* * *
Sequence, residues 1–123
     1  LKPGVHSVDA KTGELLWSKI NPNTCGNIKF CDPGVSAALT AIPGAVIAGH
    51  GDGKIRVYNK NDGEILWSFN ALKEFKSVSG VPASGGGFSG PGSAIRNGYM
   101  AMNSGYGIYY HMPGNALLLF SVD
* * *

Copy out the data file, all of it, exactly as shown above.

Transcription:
Sequence, residues 1–123
     1  LKPGVHSVDA KTGELLWSKI NPNTCGNIKF CDPGVSAALT AIPGAVIAGH
    51  GDGKIRVYNK NDGEILWSFN ALKEFKSVSG VPASGGGFSG PGSAIRNGYM
   101  AMNSGYGIYY HMPGNALLLF SVD